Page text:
It’s common knowledge in cricketing circles that world cricket is, unfortunately, controlled by the Asian nations, in particular India and Pakistan. It’s also common knowledge that the two most controversial and historically corrupt cricketing nations are in fact India and Pakistan.
Decades of hatred between the two countries, decades of violence from their over-passionate and over-expectant fans, decades of match-fixing scandals and of course, decades of greed, favouritism and corruption from the crooked administrators. If cricket spirals down hill in the future, there’ll be no doubt as to who’s to blame.
The latest saga to hit the continually dysfunctional Indian cricket is the expulsion of two franchises from the Indian Premier League (IPL), the world’s most watched annual cricket tournament. The Rajasthan Royals, inaugural champions in 2008 and the Kings XI Punjab, twice semi-finalists, have had their contracts terminated due to a variety of reasons, in particular relating to charges of transgression of shareholding and ownership norms that apparently threatened to, “shake the very foundation of the tender process.”
What a load of garbage. In a league where the average match fee of each player is second only to that of the NBA, surely disputes of this nature can be worked out through a series of negotiations. There is simply too much at stake.
Firstly, spare a thought for the players, many of which are currently still contracted to the franchises. What shall become of them? Will they be awarded their payments, as expected? Consideration must be given to their families and livelihood which are dependent on this income… This is after all their job! Of the more famous players at Rajasthan, stars of the game such as Shane Watson, Graeme Smith, Shane Warne and Shaun Tait will no longer have a team to play for, whilst stars at Punjab such as Kumar Sangakkara, Mahela Jayawardene, Yuvraj Singh and Brett Lee will also be out of work.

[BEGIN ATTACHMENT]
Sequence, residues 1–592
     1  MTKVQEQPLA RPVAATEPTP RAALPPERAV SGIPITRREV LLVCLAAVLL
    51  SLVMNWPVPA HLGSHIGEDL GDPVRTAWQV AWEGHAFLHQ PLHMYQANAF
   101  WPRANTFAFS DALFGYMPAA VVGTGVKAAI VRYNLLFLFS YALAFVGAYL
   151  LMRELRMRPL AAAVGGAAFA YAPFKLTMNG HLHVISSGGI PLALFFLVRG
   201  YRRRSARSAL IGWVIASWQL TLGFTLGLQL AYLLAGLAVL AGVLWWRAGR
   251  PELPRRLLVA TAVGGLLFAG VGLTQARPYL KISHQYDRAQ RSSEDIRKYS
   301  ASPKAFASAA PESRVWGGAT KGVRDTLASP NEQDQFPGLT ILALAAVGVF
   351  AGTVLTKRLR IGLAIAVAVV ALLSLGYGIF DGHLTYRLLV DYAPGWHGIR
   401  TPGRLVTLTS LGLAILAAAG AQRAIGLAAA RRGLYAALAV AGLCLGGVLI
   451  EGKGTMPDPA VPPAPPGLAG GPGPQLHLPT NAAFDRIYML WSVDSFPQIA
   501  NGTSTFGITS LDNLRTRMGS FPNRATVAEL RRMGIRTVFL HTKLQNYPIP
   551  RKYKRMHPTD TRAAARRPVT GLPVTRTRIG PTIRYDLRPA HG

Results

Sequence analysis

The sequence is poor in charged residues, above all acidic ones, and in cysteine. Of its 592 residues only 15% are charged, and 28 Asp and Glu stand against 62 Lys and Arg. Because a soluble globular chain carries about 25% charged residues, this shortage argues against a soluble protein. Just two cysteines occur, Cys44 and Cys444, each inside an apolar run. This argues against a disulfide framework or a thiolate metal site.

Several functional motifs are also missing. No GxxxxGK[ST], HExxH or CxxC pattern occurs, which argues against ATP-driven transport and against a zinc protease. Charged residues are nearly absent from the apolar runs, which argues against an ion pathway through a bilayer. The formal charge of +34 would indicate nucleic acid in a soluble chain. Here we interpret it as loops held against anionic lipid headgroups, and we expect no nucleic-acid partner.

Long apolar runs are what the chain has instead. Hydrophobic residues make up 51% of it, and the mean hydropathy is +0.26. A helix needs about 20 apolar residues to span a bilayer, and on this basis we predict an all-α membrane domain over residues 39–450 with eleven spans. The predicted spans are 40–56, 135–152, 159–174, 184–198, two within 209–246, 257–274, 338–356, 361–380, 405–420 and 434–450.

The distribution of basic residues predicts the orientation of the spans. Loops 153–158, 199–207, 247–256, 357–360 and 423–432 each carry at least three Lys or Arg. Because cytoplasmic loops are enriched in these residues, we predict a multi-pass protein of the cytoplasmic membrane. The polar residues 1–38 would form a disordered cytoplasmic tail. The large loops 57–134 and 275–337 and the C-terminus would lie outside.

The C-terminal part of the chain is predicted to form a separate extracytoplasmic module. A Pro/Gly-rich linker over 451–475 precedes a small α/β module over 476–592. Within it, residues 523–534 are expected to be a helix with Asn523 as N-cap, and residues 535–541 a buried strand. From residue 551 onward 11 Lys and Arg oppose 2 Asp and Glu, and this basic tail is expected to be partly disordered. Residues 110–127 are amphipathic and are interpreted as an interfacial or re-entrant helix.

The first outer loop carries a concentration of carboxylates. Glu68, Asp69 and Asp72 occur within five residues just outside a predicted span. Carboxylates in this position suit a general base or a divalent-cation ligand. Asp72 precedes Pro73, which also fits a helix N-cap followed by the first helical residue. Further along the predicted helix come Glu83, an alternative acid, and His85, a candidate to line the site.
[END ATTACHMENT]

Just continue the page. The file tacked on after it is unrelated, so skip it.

Secondly, spare a thought for the millions of fans of each franchise all around the world. Personally, after admiring Shane Warne’s captaincy skills in the 2008 series, I began supporting the Royals, I have even purchased a Rajasthan Royals shirt. Who are these fans going to support now? What about the regional areas of Punjab and Rajasthan who generated so much income from these teams?
Of course, the IPL administration give their reasons for these decisions, but like every controversial decision that comes out of Asian cricketing nations, it reeks of a cover up. The fundamental reason that this has occurred is because there are two new franchises entering the IPL for the 2011 season, the Pune Warriors and Kochi, and the IPL are aware that an eight team competition works best. This is nothing more than an attempt to capture new fans and freshen up the tournament. Unfortunately, the fallout from this will end up in the courtrooms, like every other decision in Indian and Pakistani cricket and this is sure to upset the millions of Rajasthan and Punjab fans. There’ll be protests, boycotts and rioting in the streets of India, with burning effigies of Shashank Manohar, the BCCI president, being televised to viewers all around the world.
Indian cricket has once again acted irrationally and as always, are proving to the world that they have no conscious and are fuelled by greed. They simply have no understanding of the consequences of their actions and the bad exposure they receive.
This decision is a farce and the ICC need to step in and take action.